Overvalued ideas and a deeply held belief about identity

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  • Post category:Mental Health
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Sometimes we can see our children’s immersion in this new identity as a sort of delusion: the unshakeable belief in something that is untrue. Previously intellectual young people, often with a love of science, are suddenly taken with the concept that they are somehow the opposite sex; and may assert that they always have been. Despite the claims by particular strata of the mainstream media, the vast majority of the population believe that you are born male or female (we will not cover intersex conditions here, but they do not prove that sex is a spectrum as each can be categorised as male or female). Hence the belief that our male child is somehow in possession of the wrong body, or that our female child has always, in fact, been our son can strike any parent as a little off the wall.

But it is not widely held or accepted that these beliefs are delusional in nature. It is more akin to an overvalued idea. This concept has been around for a long time, having first been described in the early 1890s, and plays a part in many psychological conditions.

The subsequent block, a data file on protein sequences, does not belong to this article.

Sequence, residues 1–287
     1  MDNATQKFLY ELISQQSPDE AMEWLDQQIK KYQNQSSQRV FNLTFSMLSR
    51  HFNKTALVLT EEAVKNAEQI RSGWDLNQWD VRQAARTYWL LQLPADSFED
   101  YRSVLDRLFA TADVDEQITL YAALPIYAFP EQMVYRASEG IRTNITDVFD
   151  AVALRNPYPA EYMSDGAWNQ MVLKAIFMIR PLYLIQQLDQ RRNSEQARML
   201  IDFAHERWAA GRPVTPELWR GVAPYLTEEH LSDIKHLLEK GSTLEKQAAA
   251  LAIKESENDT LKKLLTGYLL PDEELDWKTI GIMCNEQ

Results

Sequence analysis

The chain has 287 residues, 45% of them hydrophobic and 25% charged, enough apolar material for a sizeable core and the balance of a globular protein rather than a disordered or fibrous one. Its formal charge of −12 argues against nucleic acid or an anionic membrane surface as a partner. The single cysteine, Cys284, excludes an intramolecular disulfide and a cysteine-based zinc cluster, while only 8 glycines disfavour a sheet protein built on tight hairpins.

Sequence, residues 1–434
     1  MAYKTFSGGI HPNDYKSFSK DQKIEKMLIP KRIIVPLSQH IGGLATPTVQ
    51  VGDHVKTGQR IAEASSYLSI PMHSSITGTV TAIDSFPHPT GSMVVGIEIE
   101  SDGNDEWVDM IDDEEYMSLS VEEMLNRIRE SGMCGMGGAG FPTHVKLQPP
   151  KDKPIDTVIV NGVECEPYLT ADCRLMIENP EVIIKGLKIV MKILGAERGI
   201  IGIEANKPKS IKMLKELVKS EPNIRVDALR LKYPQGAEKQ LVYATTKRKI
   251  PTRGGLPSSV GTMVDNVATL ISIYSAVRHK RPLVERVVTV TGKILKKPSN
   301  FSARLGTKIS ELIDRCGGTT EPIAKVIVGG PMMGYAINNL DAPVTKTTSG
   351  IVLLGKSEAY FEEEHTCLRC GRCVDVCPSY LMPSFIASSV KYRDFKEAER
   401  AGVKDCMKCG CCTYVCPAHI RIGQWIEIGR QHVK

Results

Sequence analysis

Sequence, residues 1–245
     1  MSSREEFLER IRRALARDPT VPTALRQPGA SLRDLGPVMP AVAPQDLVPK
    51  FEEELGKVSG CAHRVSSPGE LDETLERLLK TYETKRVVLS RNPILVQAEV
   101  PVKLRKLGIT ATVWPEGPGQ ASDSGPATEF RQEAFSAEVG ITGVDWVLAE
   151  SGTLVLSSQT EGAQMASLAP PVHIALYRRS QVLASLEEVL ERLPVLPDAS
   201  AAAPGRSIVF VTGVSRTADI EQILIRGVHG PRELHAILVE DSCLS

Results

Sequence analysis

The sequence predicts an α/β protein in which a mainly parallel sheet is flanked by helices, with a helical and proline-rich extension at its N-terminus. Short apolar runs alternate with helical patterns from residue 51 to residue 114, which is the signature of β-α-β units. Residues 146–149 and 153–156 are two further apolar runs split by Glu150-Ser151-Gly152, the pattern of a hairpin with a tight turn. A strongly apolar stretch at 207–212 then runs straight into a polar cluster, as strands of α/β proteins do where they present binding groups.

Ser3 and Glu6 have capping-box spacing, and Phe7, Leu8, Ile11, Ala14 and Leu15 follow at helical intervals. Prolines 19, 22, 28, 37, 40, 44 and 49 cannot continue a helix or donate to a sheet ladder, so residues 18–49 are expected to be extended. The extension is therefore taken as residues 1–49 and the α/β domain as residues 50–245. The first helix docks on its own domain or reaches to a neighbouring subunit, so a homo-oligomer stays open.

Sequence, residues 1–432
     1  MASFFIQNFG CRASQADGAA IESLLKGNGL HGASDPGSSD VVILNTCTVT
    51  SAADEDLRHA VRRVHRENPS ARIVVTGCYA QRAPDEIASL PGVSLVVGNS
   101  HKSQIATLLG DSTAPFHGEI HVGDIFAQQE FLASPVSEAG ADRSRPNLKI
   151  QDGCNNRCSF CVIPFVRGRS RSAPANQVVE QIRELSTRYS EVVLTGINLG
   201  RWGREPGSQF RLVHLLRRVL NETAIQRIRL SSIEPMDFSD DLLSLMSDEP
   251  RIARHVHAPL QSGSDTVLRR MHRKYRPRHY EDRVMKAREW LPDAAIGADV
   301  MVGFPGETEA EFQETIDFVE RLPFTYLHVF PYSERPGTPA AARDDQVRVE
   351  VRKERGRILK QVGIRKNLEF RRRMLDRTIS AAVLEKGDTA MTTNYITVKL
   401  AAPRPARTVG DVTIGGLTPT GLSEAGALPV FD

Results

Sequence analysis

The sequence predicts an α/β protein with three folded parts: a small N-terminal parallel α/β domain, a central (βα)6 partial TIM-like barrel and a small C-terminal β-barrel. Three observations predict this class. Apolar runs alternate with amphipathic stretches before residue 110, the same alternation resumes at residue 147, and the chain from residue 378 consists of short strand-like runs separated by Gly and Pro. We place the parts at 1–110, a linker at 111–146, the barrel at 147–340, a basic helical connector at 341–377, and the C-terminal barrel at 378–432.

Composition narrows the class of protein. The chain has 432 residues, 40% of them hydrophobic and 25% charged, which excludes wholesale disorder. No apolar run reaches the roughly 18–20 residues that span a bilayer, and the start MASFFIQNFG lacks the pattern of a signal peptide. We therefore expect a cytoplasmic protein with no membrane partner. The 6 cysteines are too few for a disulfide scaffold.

Overvalued ideas about one’s weight can contribute towards the development of anorexia, an overvalued idea about the presence of a physical deformity (dysmorphophobia) can lead to sufferers pursuing medical and surgical alterations to their bodies. They are often rooted in prior experiences of the individual, so a young man who has lost several family members to lung cancer may become convinced that the condition is contagious. In the same way that many parents can look at their child’s experiences (bullying and ostracisation for social non-conformity and not fitting in, likes and dislikes not conforming to stereotypes because of autism) could lead a child or young person to believe that their sense of ‘otherness’ could be because they are born in the wrong body.

To read more about this topic with regard to issues of identity and a cognitive behavioural approach to these beliefs, this article by David Veale of Kings College, London is very good.